admin | November 24, 2019
Like this week’s Farmer story from Senegal, our Script of the week focuses on innovative and effective methods of storing fruits and vegetables.
Small-scale African farmers produce a large percentage of their countries’ food supplies. But in many remote, rural areas of Ghana (and other countries), frequent power outages and lack of access to electricity can make post-harvest storage of vegetables and other produce incredibly challenging, especially given the country’s tropical climate. This means leftover produce is spoiled before it can be sold at the next market day, contributing to food waste and food insecurity, as well as loss of income.
This is why post-harvest storage technologies that do not rely on electricity are some of the most reliable and sustainable ways to improve the shelf life of vegetables and other produce in Ghana—and why they contribute to food security and better incomes.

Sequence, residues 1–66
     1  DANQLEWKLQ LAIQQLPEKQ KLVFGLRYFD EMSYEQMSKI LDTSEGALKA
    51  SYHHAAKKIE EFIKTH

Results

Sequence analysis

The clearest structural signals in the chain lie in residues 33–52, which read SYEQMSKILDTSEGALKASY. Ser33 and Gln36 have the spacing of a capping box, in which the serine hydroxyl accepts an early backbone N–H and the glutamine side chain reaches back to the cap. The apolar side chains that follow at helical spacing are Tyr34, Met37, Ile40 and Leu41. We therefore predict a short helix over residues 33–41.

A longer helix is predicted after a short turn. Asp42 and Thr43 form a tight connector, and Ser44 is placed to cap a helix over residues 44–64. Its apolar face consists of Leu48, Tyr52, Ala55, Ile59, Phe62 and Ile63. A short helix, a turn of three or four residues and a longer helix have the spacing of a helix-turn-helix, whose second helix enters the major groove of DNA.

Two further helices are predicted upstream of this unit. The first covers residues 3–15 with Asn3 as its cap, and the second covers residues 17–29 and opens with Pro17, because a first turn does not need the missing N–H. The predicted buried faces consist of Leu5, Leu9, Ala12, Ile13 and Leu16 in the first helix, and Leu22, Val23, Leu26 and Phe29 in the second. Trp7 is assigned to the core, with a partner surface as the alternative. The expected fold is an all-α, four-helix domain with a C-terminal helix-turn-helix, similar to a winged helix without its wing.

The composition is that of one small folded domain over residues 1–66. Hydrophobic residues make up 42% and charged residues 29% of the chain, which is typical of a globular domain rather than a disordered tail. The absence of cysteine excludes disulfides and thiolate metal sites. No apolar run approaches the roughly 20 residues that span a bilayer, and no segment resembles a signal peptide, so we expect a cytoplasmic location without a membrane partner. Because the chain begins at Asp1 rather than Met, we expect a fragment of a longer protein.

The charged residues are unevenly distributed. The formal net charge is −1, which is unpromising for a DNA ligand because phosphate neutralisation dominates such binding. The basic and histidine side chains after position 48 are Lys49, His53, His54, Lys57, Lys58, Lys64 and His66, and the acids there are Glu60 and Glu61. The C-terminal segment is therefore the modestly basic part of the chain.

This script examines the Zero Energy Cooling Chamber (ZECC), an ideal technology for small-scale farmers and remote rural communities.
You might want to present this script as part of your regular farming program, using voice actors to represent the characters called Host 1, Host 2, Farmer 1, and Farmer 2. If you wish to adapt the script to better suit your location and community, please use interviews with farmers and experts from your own community.
You could also use this script as research material or as inspiration for creating your own programming on post-harvest technologies and zero-energy solutions to storing produce in your own region or country.
How? By talking to experts who specialize in post-harvest technology, or to farmers who use eco-friendly technologies, perhaps even Zero Energy Cooling Chambers. You might ask them:
• What are the major post-harvest storage challenges in your area?
• What solutions have vegetable farmers and other experts found for these challenges?
• What are your experiences with zero-energy technologies?
• Have you used, adapted, or changed the ZECC in any way, perhaps by using custom-made bricks or local materials?
Estimated running time for this script is 20-25 minutes, including intro and outro.